Image Source: Microsoft Bit-Locker via Wikipedia

All-things-Digital made many things convenient for us – ‘convenient’ perhaps is an understatement the way how things are in the world today. For a technology addict like myself I can’t imagine a world without my iPhone and my MacBook Air for example…oh dear.

Naturally, I store a ton of personal information on my MacBook Air, as I’m sure most of you also have as well. One thing I’m always wary about during my travels is losing my laptop somewhere (knock on wood). A laptop can be replaced; however the information that a random stranger may obtain from your lost/stolen computer may cause a whole new dimension of trouble on your hands (think identity theft?).

As we step into year 2012, Digital Cupcake would like to introduce to you that there’s a way to lock down your ‘entire’ hard drive – it’s called Full Disc Encryption.

You could read more on Full Disc Encryption on Electronic Frontier Foundation but in a nutshell, EFF gives us a nice easy description of the procedure:

Full disk encryption uses mathematical techniques to scramble data so it is unintelligible without the right key. This mathematical protection works independently of the policies configured in the operating system software. A different operating system or computer cannot just decide to allow access, because no computer or software can make any sense of the data without access to the right key.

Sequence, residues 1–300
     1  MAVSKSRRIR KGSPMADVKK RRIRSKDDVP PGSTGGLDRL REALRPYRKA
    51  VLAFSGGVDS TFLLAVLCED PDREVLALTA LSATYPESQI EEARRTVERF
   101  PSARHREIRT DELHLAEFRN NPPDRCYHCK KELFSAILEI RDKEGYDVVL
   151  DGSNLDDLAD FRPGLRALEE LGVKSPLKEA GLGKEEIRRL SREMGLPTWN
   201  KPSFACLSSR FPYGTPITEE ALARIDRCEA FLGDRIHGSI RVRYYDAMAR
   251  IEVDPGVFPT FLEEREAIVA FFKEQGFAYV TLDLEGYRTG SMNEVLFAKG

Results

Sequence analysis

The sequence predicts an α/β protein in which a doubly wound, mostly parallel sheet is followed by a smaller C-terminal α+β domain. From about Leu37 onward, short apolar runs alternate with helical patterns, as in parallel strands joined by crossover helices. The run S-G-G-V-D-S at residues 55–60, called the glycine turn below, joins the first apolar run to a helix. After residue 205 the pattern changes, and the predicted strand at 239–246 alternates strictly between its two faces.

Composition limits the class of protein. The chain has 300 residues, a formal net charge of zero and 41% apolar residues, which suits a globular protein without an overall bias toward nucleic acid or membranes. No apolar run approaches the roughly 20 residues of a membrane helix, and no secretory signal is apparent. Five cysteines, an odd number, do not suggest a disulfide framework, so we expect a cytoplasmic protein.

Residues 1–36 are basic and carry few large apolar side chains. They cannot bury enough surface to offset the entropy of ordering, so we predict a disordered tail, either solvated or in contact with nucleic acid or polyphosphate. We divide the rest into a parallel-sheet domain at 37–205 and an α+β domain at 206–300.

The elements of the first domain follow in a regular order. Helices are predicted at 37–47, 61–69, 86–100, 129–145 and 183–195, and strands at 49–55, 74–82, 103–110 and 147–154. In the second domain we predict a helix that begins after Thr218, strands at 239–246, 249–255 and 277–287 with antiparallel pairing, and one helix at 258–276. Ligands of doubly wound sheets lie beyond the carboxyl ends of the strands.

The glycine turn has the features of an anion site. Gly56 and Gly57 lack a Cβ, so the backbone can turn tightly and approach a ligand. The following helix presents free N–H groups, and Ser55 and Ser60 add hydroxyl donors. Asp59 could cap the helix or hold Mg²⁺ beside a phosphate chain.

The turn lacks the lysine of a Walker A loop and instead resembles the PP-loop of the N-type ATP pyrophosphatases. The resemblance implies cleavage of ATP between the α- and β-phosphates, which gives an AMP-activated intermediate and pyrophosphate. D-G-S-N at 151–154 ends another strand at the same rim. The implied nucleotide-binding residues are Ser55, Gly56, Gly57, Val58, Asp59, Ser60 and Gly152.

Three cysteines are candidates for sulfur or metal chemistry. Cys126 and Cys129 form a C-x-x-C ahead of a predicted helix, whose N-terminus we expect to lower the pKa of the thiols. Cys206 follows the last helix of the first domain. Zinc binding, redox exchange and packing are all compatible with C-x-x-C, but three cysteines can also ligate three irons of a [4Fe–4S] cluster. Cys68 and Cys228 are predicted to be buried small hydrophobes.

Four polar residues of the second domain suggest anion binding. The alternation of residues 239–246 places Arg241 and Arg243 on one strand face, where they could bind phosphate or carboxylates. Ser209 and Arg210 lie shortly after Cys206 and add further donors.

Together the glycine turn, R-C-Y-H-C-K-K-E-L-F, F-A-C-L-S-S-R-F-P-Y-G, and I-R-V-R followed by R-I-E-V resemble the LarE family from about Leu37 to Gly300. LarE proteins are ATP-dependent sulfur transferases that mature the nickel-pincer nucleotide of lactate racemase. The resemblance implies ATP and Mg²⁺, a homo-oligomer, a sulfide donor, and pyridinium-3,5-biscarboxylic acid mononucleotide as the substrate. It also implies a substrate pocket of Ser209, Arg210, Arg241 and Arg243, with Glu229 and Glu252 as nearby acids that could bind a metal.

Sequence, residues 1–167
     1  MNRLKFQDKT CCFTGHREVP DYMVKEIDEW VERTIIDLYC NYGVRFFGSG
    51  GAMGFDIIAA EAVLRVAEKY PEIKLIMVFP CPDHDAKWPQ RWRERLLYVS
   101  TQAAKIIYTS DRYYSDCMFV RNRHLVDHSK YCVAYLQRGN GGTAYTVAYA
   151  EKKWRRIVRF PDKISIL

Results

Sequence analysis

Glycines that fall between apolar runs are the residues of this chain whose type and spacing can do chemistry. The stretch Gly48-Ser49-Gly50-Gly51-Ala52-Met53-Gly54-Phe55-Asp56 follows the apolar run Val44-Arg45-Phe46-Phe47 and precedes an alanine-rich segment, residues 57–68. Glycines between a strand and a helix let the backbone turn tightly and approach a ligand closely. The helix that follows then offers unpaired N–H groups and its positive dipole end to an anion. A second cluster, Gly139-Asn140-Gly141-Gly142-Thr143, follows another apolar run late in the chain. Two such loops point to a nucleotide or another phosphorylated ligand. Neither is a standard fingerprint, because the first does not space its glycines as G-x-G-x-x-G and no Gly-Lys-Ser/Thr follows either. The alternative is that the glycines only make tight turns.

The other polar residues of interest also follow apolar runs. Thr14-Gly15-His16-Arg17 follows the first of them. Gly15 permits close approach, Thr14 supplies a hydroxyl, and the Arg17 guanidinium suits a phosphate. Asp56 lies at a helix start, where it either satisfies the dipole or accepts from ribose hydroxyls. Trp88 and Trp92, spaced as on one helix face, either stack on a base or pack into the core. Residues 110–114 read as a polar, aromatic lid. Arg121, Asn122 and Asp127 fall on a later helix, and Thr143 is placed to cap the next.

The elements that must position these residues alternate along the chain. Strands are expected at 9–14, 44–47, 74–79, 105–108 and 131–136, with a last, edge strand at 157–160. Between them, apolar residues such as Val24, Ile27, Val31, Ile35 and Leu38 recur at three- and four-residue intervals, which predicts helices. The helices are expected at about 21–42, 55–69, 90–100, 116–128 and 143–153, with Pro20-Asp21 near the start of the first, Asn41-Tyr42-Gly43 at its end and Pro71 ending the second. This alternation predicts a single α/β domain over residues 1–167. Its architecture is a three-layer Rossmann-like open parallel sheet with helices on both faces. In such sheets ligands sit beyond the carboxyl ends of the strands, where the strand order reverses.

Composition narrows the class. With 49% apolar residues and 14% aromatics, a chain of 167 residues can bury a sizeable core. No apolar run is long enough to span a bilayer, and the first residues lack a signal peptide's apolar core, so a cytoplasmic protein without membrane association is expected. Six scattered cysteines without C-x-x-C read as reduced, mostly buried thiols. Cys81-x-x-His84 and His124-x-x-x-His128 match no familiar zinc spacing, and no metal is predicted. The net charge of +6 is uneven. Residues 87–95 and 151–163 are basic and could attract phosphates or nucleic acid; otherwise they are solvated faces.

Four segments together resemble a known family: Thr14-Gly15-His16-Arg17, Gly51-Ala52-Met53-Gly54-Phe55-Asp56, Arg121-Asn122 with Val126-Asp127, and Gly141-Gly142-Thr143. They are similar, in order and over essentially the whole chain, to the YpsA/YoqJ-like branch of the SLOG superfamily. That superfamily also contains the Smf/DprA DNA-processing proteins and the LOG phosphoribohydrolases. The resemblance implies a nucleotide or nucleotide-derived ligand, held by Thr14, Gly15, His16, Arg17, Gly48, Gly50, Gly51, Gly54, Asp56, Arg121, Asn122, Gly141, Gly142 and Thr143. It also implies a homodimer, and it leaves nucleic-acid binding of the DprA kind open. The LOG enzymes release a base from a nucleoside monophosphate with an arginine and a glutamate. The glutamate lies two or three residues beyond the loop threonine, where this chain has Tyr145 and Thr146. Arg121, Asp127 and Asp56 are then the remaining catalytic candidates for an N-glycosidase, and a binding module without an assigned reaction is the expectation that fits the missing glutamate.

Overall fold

Without encryption, forensic software can easily be used to bypass an account password and read all the files on your computer.

Having a Full Disc Encryption will secure all the contents on your hard drive with a simple password (just make sure you don’t lose it!) and you could rest easy that your information won’t fall into unwanted hands.

There are a number of options for encrypting your entire hard drive but EFF suggests the following:

  • Microsoft BitLocker in its most secure mode is the gold standard because it protects against more attack modes than other software. Unfortunately, Microsoft has only made it available with certain versions of Microsoft Windows.
  • TrueCrypt has the most cross-platform compatibility.
  • Mac OS X and most Linux distributions have their own full-disk encryption software built in.

Your Full Disc Encryption is as safe as your passcode, so you’d need to make sure you set up a secure password that only you would know and would never lose. (If you lose your passcode, most likely you’ve lost all your data.) There are a number of tools to help you set up a great passcode and among those is Diceware. That said, I would suggest trying out  1Password by Agile Bits as well. It has a great tool to generate strong passcodes and will save them on its database that could be accessed from Dropbox, Windows, Mac, iPhone, iPad, iPod Touch, and Android devices.

It could be a hassle to get the Full Disc Encryption set up, but it could potentially save you a whole lot of trouble in case you lose your computer for your next business trip (knocks on wood). At the very least this could ease your mind during your next travels.

Full Disc Encryption is Free, Relatively Simple, and Extremely Secure…what’s there to lose? :)


via EFF